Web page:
'Super Mario Party' Review: Switch's First Must-Own Party Game

8/10 (Switch)

The Mario Party series is often hit or miss. There first few installments of the franchise on the Nintendo 64 were hard to put down, but others could have been skipped entirely (looking at you, Mario Party 9 ). But Super Mario Party on Nintendo Switch feels like a return to form, while also adding enough new content to make the most of your party time—and the most chances at getting into arguments with your friends.

super mario party box art
'Super Mario Party' is coming to Nintendo Switch in October Nintendo

Super Mario Party serves up tried-and-true board game mechanics: four players move their characters around the board, rolling dice and avoiding traps. Your objective is to get the most stars before the end of the game, which is harder than it sounds. You'll have to avoid pitfalls and your opponent's attempts at sabotage, not to mention earn enough coins to purchase them.

Character-only dice are a new feature of this latest incarnation of Mario Party . Each character has two dice, the normal 1-6 die and their own special dice that can fit multiple playstyles. For example, both Bowser and Boo have dice that can can get a higher than normal roll, but there's the risk of losing coins and not moving at all. This adds a small layer of strategy in terms of choosing characters or timing when to use special dice.

The game's assortment of more than 80 new minigames that will really put your friendships to the test. Some require hand-eye coordination, others a good memory, but they all feel different from previous Mario Party offerings.

Nintendo has really pushed for the use of the motion controls and vibrations since the Switch's debut and Super Mario Party really puts them to good use. For instance, in one minigame, you'll flip meat in a pan and feel the vibrations to know when it's cooked. Others require a simple hand gesture. Unless you're completely against using the small single Joy Con (which the game forces you to do), you won't have any problem playing Super Mario Party. It's also neat that Nintendo, essentially, allows for at least one other player to play with each console.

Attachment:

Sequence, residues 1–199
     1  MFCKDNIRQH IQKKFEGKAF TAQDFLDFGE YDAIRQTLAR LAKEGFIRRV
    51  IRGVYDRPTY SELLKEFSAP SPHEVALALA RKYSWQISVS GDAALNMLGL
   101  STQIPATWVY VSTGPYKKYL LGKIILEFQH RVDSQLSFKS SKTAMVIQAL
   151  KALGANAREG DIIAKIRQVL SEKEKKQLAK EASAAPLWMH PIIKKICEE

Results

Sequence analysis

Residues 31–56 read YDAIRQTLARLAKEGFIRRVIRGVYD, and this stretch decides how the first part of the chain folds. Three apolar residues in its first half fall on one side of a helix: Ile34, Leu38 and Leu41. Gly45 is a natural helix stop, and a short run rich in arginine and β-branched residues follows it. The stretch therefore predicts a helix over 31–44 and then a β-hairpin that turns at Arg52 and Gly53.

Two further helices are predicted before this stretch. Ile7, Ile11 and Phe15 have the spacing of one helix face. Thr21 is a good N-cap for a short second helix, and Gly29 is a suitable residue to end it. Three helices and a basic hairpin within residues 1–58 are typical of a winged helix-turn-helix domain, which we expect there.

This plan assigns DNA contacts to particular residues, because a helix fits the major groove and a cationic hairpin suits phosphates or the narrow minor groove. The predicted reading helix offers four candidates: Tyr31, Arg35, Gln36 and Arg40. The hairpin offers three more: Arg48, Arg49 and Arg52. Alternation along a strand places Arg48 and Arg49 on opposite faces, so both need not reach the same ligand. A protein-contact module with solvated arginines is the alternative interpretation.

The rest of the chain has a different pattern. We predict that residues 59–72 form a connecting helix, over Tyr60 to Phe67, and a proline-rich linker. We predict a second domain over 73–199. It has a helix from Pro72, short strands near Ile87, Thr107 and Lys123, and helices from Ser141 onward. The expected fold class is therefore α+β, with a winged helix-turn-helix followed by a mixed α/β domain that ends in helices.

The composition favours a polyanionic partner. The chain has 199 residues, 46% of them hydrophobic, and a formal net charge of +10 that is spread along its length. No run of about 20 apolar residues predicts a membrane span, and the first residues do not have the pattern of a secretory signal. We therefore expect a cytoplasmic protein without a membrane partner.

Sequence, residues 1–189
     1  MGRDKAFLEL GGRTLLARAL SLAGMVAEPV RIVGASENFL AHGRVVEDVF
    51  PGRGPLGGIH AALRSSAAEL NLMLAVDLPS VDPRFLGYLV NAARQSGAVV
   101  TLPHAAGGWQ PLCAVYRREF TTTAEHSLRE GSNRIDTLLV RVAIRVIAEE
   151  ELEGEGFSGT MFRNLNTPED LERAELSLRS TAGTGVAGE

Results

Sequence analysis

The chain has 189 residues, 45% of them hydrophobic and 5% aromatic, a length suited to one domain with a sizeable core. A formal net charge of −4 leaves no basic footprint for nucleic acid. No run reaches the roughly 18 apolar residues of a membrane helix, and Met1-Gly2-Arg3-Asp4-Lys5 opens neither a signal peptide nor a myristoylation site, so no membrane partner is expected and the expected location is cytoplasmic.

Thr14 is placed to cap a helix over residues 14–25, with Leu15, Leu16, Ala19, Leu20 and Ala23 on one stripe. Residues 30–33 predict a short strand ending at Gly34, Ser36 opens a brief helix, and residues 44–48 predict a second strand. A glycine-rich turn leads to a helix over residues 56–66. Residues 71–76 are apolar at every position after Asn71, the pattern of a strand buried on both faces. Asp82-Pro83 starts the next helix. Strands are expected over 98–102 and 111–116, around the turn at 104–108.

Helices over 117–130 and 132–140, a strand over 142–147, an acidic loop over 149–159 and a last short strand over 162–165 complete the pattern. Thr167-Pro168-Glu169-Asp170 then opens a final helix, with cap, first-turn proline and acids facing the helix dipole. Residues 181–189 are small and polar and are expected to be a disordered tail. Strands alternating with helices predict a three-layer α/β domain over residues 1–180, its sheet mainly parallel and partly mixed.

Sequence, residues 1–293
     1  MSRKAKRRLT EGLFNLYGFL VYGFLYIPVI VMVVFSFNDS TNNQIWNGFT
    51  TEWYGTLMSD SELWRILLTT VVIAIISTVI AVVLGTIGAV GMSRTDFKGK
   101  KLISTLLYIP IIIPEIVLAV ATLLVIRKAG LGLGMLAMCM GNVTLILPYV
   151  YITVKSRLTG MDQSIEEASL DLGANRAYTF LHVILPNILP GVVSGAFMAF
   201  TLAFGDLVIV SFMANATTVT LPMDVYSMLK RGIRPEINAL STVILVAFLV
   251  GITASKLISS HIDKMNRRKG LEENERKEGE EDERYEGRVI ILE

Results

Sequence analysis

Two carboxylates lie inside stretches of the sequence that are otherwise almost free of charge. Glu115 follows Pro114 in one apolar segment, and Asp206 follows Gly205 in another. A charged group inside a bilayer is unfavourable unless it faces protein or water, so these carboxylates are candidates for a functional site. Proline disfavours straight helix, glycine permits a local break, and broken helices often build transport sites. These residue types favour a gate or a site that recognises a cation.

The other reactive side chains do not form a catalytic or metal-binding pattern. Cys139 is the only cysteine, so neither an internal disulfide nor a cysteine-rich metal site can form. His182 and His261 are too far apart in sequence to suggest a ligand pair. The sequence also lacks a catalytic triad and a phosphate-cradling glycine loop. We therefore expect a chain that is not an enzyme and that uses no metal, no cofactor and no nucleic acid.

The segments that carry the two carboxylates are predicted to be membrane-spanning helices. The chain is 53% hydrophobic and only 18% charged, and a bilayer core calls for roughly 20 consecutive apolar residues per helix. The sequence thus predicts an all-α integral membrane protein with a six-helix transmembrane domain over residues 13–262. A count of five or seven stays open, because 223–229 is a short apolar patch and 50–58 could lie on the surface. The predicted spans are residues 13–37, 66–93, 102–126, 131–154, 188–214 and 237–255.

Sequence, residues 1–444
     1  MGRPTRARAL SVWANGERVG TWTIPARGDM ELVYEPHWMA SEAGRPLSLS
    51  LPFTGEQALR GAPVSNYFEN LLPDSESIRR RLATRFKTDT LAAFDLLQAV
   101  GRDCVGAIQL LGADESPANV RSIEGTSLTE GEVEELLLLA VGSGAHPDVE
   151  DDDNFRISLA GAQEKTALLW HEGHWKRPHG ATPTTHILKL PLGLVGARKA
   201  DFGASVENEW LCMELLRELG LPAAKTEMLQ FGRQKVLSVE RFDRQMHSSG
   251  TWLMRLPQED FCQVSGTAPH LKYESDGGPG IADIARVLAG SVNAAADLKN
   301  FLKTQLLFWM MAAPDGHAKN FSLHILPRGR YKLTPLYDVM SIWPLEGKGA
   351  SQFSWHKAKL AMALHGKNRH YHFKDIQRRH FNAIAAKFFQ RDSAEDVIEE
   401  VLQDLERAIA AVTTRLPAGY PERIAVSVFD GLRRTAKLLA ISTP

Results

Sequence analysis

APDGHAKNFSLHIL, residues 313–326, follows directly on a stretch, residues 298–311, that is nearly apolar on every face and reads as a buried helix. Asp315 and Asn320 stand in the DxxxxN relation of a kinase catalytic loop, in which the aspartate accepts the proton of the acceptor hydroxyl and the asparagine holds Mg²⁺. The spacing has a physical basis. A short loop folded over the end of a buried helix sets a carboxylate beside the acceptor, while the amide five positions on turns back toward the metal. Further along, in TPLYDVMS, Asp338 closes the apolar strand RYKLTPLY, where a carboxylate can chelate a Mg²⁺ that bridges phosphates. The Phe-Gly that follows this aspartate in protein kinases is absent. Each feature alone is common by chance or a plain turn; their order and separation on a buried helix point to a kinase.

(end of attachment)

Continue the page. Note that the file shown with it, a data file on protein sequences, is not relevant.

super mario party pan game
The minigames in 'Super Mario Party' make great use of the Joy Cons Nintendo

One drawback of the main Party Mode is the small number of game boards. There are only four in total (one you have to unlock). It's a shame that there weren't a couple more packed in. Hopefully, Nintendo adds more boards in future free updates.

Super Mario Party 's other two game modes offer solid replay value once you've finished playing through all the boards. River Survival mode is the ultimate co-op experience in Super Mario Party. Four players control a raft as you navigate rough and tumble rapids.

super mario party river survival
Put your friendships to the test in the co-op River Survival mode Nintendo

This is where the Joy Con motion controls are at their best. It's a lot of fun to perform a paddle motion with your friends as you try to avoid rocks and reach the end as fast as possible. Your team will activate a co-op minigame by hitting balloons strewn throughout the river course. This mode requires a lot of communication between party members, and you'll have to really be on the same page as your friends to pass each test with flying colors. You don't have to hit every balloon in River Survival, but completing each game will add more time for you to make it to the bottom. Failing to reach the end in time is the only way you can lose.

Sound Stage is a rhythm game that pits your party against each other. In the same vein as Rhythm Heaven, players use the Joy Con's motion controls to go with the beat in various minigames, like skewering fruit to a beat, or fist bumping to a song. This mode is pretty short, but it's a fun diversion with friends.

super mario party sound game
Follow the rhythm in the Sound mode for 'Super Mario Party' Nintendo

In true Mario Party fashion, players can hop into Minigame Mode without having to go through the board game aspect of Party Mode. Here, players can freely play individual minigames, participate in a five-game tournament or even play Square Off, which allows players to capture territory on a board by winning minigames. The player with the most territory wins.

There's a lot to love in Super Mario Party. The solid multiplayer fun makes it a must-own on the Nintendo Switch this holiday season, and there's a lot of new content and features that make the Mario Party formula feel fresh. If you're looking for something new but familiar for your next game night, you can't go wrong with Super Mario Party.